Monday, December 19, 2016

Perspective: Ethnic cleansing of Ahmadis | Yasser Latif Hamdani

Pakistan is a member state of the United Nations and a signatory to several international conventions and covenants. The world will sooner or later become alive to the plight of Ahmadis in Pakistan, and the consequences will be severe.

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By Yasser Latif Hamdani | December 16, 2016

What happened in Chakwal on 12 December, while the nation celebrated Eid Milad-un-Nabi, is yet another reminder that Pakistan’s systematic exclusion of Ahmadis, which started in 1974, is taking a disturbing and frightening turn.

After having attacked the Ahmadi place of worship (they are not allowed to refer to it as a mosque under law), the perpetrators then gave a nationwide call to protest against the “oppression by the administration and Qadianis against Muslims.” It is unclear as to what the end game is, but I have been warning through my articles in this newspaper that the world ought to monitor this situation carefully. Numbering between 300,000 to one million, Ahmadi community in Pakistan stands at the brink of genocide and ethnic cleansing. The state’s attitude so far has been extremely callous. Punjab’s Law Minister Rana Sanaullah, instead of siding with the community that faces a threat to its members’ life liberty and property, thought it wise to castigate the Ahmadis for taking to social media.

To recap the issue, since 1974 the state has insisted that Ahmadis are not Muslims. Ahmadis insist they are. Since 1984, the state has made it unlawful for them to claim that they are Muslims or to call their places of worship mosques, or to even give Azan from these places of worship. In 1993 the Supreme Court of Pakistan held this law to be constitutional by a majority of 2 to 1. The anti-Ahmadi laws of Pakistan, which are a stain on the Constitution and the legal system of the country, have emboldened sectarian extremists into taking the law into their own hands. Ahmadi places of worship are routinely attacked, ransacked, sealed, destroyed and desecrated. In 2014 three Ahmadis were burnt alive in Gujranwala. Even the dead are not spared. The community’s Model Town cemetery was attacked and graves were desecrated. To date, no action has been undertaken against the perpetrators of any of these outrages, encouraging others to do the same.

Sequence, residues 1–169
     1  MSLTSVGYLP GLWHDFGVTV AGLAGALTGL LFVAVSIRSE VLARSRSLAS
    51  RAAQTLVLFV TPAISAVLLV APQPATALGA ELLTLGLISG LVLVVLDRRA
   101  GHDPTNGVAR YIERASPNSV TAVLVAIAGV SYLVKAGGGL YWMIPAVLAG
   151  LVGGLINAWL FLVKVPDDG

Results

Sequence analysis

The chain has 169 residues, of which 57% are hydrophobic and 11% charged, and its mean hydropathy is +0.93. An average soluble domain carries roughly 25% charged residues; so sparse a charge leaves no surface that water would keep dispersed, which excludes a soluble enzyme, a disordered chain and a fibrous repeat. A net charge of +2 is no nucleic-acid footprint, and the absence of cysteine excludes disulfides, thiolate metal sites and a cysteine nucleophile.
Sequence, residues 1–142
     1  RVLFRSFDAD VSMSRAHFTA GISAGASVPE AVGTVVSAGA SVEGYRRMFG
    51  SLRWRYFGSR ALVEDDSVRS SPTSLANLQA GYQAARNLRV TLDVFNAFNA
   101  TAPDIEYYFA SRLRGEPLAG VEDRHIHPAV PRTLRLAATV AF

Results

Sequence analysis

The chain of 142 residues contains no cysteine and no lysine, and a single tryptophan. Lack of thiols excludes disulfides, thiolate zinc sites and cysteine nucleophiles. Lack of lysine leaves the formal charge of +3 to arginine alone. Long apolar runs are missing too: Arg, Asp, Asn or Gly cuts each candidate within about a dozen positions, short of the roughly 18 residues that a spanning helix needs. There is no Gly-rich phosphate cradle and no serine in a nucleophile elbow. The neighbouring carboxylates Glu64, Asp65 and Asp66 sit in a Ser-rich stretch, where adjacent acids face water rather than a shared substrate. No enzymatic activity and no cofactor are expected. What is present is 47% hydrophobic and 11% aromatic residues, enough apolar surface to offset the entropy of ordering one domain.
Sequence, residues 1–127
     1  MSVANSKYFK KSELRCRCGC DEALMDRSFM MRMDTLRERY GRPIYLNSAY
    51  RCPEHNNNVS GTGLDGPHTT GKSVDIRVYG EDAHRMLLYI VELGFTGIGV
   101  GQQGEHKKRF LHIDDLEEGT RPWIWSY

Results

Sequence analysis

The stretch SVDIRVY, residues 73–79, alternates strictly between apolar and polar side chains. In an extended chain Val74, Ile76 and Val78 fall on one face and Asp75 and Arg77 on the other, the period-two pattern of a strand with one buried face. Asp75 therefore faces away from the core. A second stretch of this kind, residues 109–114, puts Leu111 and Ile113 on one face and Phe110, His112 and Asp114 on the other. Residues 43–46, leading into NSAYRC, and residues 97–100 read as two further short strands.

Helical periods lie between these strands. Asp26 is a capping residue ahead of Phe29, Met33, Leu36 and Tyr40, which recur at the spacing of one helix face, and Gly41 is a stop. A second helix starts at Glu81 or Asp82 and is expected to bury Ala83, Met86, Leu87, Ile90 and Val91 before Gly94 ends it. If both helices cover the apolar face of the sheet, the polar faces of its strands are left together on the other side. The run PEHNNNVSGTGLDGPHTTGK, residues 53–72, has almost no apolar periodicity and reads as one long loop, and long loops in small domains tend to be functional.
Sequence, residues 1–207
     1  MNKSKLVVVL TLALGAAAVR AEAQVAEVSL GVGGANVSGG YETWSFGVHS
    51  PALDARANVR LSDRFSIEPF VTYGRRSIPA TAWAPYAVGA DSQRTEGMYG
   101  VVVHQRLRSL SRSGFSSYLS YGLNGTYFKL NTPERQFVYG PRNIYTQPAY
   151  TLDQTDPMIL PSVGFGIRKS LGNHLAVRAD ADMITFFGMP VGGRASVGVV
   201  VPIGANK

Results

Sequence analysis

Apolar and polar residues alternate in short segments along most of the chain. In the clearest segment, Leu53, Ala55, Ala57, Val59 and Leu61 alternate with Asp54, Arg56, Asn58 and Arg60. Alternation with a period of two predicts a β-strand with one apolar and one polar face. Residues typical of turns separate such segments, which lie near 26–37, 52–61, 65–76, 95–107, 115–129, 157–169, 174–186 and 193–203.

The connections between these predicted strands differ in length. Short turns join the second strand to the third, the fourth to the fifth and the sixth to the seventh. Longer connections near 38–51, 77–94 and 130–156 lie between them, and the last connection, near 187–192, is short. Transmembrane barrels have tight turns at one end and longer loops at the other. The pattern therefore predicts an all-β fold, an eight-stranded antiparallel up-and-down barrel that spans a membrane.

The objective of the anti-Ahmadi organisations is clear and has often been stated times from their platforms. They want to drive every Ahmadi either to the grave or out of Pakistan. It has also caused a crisis of the internally displaced persons as more and more Ahmadis are taking refuge in the city of Rabwah where a sizeable population of Ahmadis lives. Even this is not acceptable. The city lives in a virtual siege with a large number of sectarian organisations setting up camp in and around the city. At the very entrance of the city is a mosque called Majlis-e-Ahrar Masjid, named interestingly after the Indian National Congress backed religious organisation Majlis-e-Ahrar that had historically persecuted the Ahmadis and led the movements against them. The same Majlis-e-Ahrar had also attacked the founder of Pakistan as Kafir-e-Azam and called Pakistan Kafiristan. In Pakistan, you are free to abuse and attack the state so long as you also beat down on the Ahmadis. There is no law against doing that at all. Every Friday the sectarian Imams of the officially Muslim mosques freely abuse and curse the Ahmadis in their sermons on loudspeakers. Obviously, the Ahmadis are not allowed to respond. They are not allowed to use loudspeakers.